How We Can Make L.A.'s Bike Plan a Reality: An Interview With Bill Rosendahl | KCET
How We Can Make L.A.'s Bike Plan a Reality: An Interview With Bill Rosendahl
I spoke with L.A. City Councilman Bill Rosendahl, who chairs the city's Transportation Committee, about how things are shaping up to actually implement our newly ratified plan.
Rosendahl said the next five years will see a three-staged approach to implementing the bike plan. To begin, the city will focus on building a strategic network of functional cycling routes that will form the so-called 600-mile "Backbone Bikeway Network." Next, the city plans to expand that network on a neighborhood scale. Finally, a more scenic "green" network of lanes will be built alongside various canals and naturally beautiful areas.
Sounds perfect! When do we start?
Not anytime in the immediate future, says Rosendahl. Few routes have been formally agreed upon and perhaps the only Backbone-type route that's shovel ready is the Expo Bike Lane--which is currently stalled in the face of a lawsuit by the Cheviot Hills Homeowner Association.
Rosendahl said initial reports that L.A. would up its bike lane quota to 40 miles per year was spoken in haste.
"I'm saying 200 miles in 5 year. We're already well into 2011."
That may sound like bad news, but Rosendahl says there isn't anything to fear.
"Knowing you have planning and transit on the same wavelength sends a message that L.A. is ready. We can lead the whole world in this regard.
"If we can lay things out in year one, we can really step things up by year 3 and 4. We have some real concrete opportunity with money to do things the right way."
Los Angeles gets about $1.75 million per year from Measure R for bicycle improvements and can apply for up to $2 million annually from the state Transportation Development Act. Metro could additionally provide between $3-$15 annually for bicycle infrastructure projects.
"We know we have a funding source. We're in the position to do this right," he reiterated.
Rosendahl says because the city has found religion when it comes to listening to cyclists, instead of just building lanes that are politically convenient, the city bureaucracy has a much better idea how to figure out what "right" is.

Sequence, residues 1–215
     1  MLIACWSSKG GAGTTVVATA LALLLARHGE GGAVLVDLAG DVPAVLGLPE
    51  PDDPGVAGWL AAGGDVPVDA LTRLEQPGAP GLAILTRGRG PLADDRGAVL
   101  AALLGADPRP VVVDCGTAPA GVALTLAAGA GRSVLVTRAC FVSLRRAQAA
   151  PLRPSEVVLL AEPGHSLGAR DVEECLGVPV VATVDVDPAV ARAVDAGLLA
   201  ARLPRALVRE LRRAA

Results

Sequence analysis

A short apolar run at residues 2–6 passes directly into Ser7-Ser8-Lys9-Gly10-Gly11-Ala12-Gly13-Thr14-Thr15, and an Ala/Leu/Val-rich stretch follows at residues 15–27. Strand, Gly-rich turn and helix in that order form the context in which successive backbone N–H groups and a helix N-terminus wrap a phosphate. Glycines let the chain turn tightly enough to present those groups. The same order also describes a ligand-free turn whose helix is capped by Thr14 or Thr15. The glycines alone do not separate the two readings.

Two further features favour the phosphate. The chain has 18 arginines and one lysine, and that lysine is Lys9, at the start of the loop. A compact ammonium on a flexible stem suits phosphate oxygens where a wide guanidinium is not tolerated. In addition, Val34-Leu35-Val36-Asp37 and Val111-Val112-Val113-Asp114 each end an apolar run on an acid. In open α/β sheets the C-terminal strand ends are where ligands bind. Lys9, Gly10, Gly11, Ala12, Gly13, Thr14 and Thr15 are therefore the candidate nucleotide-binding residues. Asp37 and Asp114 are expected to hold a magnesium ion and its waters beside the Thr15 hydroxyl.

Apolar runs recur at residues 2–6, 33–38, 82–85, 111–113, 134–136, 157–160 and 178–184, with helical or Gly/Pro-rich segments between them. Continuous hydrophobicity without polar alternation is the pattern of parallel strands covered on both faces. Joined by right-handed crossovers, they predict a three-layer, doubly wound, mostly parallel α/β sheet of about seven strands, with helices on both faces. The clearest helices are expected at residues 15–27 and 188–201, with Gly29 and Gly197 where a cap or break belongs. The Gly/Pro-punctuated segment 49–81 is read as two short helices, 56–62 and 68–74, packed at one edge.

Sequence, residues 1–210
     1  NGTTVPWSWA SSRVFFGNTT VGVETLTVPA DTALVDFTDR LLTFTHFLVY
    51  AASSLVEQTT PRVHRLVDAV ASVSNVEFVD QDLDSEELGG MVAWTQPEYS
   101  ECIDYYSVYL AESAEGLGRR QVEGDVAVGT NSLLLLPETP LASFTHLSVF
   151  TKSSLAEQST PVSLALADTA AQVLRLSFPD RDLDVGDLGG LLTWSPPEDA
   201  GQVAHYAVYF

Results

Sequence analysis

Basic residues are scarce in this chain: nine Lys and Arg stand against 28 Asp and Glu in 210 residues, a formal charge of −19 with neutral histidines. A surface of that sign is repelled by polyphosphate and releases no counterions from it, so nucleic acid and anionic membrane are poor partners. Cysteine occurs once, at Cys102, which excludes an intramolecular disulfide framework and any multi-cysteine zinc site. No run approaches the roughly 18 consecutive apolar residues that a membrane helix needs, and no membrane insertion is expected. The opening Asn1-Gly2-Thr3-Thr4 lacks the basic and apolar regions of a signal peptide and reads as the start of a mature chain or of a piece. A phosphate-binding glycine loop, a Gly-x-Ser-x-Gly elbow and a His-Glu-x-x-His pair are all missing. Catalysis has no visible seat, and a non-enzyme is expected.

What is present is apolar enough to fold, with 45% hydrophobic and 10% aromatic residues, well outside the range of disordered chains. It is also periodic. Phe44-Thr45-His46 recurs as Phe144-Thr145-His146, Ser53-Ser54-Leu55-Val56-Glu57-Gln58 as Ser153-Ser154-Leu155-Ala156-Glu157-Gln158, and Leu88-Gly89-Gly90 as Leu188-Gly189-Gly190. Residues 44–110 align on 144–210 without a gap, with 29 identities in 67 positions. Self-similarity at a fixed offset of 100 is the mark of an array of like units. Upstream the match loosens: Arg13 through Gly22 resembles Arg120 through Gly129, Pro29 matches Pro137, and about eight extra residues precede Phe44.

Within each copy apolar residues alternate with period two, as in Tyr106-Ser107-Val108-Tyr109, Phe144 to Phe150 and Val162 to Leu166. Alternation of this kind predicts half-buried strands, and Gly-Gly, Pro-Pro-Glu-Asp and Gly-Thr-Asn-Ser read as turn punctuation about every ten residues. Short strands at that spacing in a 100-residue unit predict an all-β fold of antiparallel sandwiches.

"We'll start with the no-brainers. I obviously like Olympic Boulevard because it's wide. But I personally don't ride a bike. I'm going to defer to the expertise of cyclists like Alex Thompson who do. Because if they don't like it, no one is going to."
Especially homeowners, who may not like the plans no matter how well they're designed. In Los Angeles, a plan so extensive it covers 1,680 miles of territory is bound to run into a NIMBY homeowner association or two...or ten.
"Homeowners have to realize homes are precious, but cycling is too," says Rosendahl. "We talk about the epidemic of childhood obesity in our city. This plan could have a major role in ending that. Hopefully this will be the beginning of a culture change. We'll deal with the homeowner groups with the hope we can find consensus."
Rosendahl pledges he won't allow the bike plan to go the way of the Million Tree L.A. Initiative. "I will keep this issue alive in our committee."
But he's going to need plenty of help to keep this plan alive. Cycling advocates need to continue to show up to hearings and provide the expertise needed to make this plan happen the right way. And casual cycling enthusiasts and fans of green development need to lend their vocal support when the inevitable homeowner bickering begins.
In a rare moment, the city seems to have the public's ear when it comes to making this plan happen. That's too good an opportunity to get lazy with.
Photo via Councilmember Bill Rosendahl's Flickr
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